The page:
Strict Legalism or Judicial Activism: Which One Is the Dominant?
20 Pages Posted: 22 Oct 2017
Date Written: 2014
In 1915, the Hon Sir Owen Dixon was sworn in as Chief Justice of Australia. At that occasion, he said: ‘[i]t may be that the court is thought to be excessively legalistic. I should be sorry to think that it is anything else. There is no safer guide to judicial decisions in significant conflicts than a strict and complete legalism.’
Many criticisms of the Dixonian principle had been delivered against it. This principle was included in his Honour’s previous speech, that complete legalism is the safest path for judges in controversial issues to stay reliable. One of these critics claimed that either the Hon Sir Dixon’s view is naive, or it is a ‘noble lie intended to hide the obvious freedom open to judges when they decide cases.’ Another saw his view as a belief that judges are obliged to use common law principles as the only external source for their decisions’ legitimacy, rather than their opinion about what the law should be.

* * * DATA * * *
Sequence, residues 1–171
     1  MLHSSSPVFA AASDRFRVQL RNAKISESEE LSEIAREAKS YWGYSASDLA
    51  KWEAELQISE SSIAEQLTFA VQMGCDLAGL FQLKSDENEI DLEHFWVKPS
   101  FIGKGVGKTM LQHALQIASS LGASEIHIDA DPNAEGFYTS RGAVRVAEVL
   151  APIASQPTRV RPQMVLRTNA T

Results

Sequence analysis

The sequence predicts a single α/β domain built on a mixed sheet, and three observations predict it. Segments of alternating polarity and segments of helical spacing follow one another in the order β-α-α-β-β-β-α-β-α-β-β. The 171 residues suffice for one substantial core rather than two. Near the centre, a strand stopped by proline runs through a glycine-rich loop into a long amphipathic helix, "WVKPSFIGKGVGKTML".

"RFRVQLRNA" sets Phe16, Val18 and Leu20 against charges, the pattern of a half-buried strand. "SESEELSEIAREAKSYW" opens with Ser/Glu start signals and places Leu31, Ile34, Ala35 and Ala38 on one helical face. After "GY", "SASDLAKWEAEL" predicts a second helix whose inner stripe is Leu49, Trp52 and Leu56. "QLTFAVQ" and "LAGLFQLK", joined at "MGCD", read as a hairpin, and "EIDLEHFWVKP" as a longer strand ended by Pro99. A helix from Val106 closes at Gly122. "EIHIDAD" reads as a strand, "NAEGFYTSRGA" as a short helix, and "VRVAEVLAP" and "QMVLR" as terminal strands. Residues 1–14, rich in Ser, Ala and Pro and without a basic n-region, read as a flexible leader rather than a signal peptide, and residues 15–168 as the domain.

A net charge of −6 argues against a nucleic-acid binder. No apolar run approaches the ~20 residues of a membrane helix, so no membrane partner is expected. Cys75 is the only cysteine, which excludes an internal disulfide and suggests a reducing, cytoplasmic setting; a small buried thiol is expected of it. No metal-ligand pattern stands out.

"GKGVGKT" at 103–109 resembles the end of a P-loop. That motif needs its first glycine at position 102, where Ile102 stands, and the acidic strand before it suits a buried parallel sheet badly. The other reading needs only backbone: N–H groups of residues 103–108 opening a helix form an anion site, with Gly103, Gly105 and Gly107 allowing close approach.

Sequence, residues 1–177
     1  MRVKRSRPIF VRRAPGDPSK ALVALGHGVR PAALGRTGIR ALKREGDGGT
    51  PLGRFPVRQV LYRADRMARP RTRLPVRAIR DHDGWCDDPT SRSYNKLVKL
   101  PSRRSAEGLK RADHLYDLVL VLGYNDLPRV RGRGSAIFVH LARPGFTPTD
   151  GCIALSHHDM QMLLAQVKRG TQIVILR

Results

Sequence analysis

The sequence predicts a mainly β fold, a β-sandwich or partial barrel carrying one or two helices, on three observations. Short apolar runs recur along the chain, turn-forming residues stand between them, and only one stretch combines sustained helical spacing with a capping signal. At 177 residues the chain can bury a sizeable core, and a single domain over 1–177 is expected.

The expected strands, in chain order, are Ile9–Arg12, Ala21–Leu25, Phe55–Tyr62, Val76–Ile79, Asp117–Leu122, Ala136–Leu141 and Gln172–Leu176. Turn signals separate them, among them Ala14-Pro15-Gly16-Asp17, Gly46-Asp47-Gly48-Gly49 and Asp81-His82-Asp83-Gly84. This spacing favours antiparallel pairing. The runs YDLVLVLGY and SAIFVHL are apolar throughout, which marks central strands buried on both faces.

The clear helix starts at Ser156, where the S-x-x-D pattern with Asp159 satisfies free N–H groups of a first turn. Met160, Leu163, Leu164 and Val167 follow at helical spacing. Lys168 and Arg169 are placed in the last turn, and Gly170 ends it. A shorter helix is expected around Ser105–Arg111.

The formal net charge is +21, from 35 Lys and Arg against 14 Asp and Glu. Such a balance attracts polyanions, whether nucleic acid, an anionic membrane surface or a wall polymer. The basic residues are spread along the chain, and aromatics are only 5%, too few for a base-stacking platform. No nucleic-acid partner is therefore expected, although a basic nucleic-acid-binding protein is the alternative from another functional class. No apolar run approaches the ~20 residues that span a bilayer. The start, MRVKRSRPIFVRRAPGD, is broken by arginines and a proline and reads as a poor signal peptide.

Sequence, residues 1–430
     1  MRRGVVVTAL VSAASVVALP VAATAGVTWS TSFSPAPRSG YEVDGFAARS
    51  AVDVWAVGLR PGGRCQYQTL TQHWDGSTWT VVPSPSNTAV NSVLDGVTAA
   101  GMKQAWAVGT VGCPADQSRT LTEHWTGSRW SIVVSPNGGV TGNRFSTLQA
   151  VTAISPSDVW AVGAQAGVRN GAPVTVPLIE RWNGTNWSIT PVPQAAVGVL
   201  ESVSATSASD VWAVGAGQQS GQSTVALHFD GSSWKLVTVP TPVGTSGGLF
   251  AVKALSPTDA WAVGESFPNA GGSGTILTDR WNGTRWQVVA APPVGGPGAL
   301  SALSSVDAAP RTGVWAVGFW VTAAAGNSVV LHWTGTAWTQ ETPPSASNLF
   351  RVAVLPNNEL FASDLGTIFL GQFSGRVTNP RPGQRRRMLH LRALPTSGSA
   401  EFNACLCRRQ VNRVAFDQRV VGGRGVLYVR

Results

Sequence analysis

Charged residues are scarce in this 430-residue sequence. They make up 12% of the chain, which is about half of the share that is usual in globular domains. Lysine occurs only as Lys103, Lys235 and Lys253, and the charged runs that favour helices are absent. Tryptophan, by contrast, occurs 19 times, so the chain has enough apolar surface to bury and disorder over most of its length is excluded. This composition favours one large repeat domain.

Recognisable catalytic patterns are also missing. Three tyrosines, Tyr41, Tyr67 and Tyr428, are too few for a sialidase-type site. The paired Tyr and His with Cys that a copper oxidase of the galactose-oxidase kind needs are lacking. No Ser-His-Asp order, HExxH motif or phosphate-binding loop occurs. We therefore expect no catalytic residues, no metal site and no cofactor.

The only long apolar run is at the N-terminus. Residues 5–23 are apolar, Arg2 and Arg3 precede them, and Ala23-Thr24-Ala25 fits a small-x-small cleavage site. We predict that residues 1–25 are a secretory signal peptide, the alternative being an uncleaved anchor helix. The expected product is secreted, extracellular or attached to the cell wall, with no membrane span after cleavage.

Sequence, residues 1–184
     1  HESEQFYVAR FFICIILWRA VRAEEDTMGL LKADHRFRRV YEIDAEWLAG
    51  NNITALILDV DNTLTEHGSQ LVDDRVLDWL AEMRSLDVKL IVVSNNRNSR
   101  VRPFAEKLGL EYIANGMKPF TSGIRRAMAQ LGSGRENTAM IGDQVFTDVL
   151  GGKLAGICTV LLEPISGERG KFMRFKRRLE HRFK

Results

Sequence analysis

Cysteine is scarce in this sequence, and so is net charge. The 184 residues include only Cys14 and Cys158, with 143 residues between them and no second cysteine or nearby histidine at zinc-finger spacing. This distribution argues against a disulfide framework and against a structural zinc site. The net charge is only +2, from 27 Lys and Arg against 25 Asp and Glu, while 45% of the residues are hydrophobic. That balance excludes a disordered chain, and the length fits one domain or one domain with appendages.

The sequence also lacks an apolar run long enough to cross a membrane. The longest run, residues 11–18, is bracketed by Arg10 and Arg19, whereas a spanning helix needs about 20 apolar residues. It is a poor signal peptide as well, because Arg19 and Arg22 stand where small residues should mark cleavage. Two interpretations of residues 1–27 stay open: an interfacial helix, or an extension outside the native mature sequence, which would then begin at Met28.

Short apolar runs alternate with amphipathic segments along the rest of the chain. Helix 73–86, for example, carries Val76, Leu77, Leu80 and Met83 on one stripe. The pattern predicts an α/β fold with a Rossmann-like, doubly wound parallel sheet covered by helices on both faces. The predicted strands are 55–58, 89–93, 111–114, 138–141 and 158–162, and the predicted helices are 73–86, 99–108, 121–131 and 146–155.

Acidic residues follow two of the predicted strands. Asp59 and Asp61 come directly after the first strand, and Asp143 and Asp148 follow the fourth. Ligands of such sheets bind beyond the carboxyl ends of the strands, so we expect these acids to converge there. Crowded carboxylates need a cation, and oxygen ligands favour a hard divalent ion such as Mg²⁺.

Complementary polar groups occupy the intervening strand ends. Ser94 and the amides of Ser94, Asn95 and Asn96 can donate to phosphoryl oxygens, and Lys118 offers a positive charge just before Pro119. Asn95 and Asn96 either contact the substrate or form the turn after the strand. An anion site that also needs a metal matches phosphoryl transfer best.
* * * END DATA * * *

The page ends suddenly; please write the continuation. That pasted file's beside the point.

Judicial Activism is considered the opposite of the complete legalism described above by the Hon Sir Dixon. However, the term is very controversial, and a lot of attempts had made to define it, but for this essay, judicial activism is ‘the conscious development of the common law according to the perceptions of the court as to the direction the law should take in terms of legal, social or other policy.’ In fact, judicial activism is playing a tremendous role in the contemporary judicial entities.
I argue that according to the results of global comparative research, judges do not adhere to the Hon Sir Dixon’s view that strict legalism is the safest guide for judges. Moreover, I argue that judicial activism is currently the norm and there is no room for complete legalism in the modern state’s judiciary.
Keywords: Judicial Activism, Legalism, and Common Law Reasoning
JEL Classification: K40
Suggested Citation: Suggested Citation